Elemental, a new documentary by filmmakers Emmanuel Vaughan-Lee and Gayatri Roshan, tells the story of three eco-warriors driven to protect their environment. They aren’t celebrities trying to use their status to make change (although we value celebs who lend a hand). They’re regular people who feel such a deep connection to nature that they can’t imagine not doing what they can to create change and protect the planet.
Rajendra Singh is a former Indian government official turned water activist on a pilgrimage to save the Ganges River, which, because of garbage and industrial pollution, is nearly dead. His is an especially emotional task because so many people drink, bathe, wash clothes and pray in “Mother Ganges” and the pollution those people endure is life threatening.
Eriel Deranger is a First Nation Chippewa in Alberta, Canada fighting against the tar sands project, surely one of the largest “Corporations Gone Wild” projects ever. A former campaign organizer at Rainforest Action Network, Deranger was involved in grassroots efforts against the tar sands and Keystone pipeline before they were national news. She’s dedicated her life to fighting the projects and their illegal decimation of her ancestral lands.
Jay Harman, an Australian inventor has created a device that mimics nature in its efficient mixing properties. Harman believes his invention can help with climate change and the film chronicles his efforts to find an investor in his company created to bring the device to fruition.
Filmmaker Vaughn-Lee says he chose Singh, Deranger and Harman because, “all three share a deep personal connection to the natural world that grounds them and their work. They are all driven ‘outsiders’…who share commitment to their work regardless of the costs to themselves… All of our subjects are on a ‘hero's journey’.”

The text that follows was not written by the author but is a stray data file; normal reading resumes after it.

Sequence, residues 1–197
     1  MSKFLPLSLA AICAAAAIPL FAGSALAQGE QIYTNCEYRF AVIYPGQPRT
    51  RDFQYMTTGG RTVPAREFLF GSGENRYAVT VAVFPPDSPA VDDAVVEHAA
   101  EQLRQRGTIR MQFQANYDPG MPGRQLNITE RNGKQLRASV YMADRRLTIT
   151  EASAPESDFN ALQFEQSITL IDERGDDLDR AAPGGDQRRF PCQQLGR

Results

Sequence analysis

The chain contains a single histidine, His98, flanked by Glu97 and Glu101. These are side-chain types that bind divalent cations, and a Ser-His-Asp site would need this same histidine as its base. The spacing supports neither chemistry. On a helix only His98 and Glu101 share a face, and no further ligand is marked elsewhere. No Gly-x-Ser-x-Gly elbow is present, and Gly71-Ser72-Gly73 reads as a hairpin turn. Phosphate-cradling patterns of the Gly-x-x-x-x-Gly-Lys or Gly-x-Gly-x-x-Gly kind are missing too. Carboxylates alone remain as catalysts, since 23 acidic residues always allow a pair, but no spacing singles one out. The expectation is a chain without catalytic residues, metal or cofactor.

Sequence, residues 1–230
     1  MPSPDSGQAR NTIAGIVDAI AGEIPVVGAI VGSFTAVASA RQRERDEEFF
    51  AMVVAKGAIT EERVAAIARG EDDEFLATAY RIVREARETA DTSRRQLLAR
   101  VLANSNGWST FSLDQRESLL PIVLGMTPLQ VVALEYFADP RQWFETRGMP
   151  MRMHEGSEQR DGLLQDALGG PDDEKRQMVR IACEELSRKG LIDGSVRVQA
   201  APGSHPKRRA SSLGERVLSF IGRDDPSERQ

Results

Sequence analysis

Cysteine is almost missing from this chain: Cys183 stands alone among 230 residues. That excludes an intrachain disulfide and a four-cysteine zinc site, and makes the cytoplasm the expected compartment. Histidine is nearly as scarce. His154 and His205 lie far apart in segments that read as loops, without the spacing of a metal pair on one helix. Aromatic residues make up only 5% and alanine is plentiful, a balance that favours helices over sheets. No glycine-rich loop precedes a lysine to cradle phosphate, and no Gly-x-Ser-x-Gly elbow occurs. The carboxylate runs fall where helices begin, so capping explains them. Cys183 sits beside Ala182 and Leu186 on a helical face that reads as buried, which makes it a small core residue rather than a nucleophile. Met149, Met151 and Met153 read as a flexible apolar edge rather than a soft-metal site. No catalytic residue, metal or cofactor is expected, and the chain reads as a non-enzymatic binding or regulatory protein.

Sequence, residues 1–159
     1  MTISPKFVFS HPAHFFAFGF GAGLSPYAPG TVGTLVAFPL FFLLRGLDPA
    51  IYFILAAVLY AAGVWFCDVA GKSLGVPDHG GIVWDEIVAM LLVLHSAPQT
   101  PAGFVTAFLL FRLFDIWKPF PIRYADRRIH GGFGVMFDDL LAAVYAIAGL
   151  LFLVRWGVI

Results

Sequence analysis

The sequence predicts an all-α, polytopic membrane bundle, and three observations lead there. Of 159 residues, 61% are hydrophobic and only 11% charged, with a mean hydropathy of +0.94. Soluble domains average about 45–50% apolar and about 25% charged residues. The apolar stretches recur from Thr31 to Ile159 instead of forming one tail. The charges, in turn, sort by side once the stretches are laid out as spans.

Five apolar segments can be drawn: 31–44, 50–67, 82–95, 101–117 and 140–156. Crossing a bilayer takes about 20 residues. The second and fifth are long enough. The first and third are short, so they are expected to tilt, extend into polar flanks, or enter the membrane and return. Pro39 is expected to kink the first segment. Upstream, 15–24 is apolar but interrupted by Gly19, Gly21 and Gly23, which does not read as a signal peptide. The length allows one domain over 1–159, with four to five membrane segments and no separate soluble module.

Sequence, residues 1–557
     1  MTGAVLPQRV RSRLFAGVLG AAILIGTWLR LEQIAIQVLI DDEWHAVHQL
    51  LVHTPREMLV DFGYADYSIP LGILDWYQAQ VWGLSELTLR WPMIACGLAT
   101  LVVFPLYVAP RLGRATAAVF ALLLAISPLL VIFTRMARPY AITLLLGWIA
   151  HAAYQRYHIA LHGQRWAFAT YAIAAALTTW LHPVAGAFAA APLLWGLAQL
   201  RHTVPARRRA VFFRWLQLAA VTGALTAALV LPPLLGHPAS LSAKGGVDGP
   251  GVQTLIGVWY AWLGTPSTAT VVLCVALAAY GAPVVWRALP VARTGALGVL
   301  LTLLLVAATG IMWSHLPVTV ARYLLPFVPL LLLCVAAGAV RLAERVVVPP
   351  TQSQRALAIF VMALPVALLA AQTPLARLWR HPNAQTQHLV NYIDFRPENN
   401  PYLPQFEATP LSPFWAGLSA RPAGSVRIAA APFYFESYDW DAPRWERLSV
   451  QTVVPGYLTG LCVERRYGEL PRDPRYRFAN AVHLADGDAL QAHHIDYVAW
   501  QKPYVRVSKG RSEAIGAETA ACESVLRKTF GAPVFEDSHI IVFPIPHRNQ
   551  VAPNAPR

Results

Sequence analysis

Likewise, all three eco-warriors are inspiring. They manage the ups and downs that life brings with the optimism that only someone with a larger purpose and very long-term goals can maintain in the face of environmental atrocities like the death of the Ganges, the Alberta tar sands project and climate change.
According to Vaughn-Lee, “We were aiming to tell a global story about our relationship to nature and the challenges and opportunities we all face during our current ecological crisis, but to tell this story through a very human lens that grounded the issues and ideas through personal stories, their struggles and victories.” This is important because the film portrays very human activists with peccadillos and foibles. They aren’t romanticized and put on a pedestal. We see this when Singh gets really angry with his son, who’s ordered fast food that has arrived in a plastic container. He repeats his request that no plastic containers be used on the pilgrimage and asks that all food be served on reusable containers they’ve brought with them on their journey. After all, one of the most visible forms of pollution in the Ganges is plastic. The others face similar human-scale struggles.
Elemental will make its New York City premiere on May 17, with screenings around the country after that. The filmmakers are encouraging individuals and groups to hold their own screenings which I highly recommend because the stories in the film are so inspiring. With global CO2 levels having just reached a record-breaking 400 ppm, the world could use a few more visionaries right about now.
To read about more everyday people doing heroic deeds, check out Ecocentric’s Our Heroes series of blog posts and podcast interviews.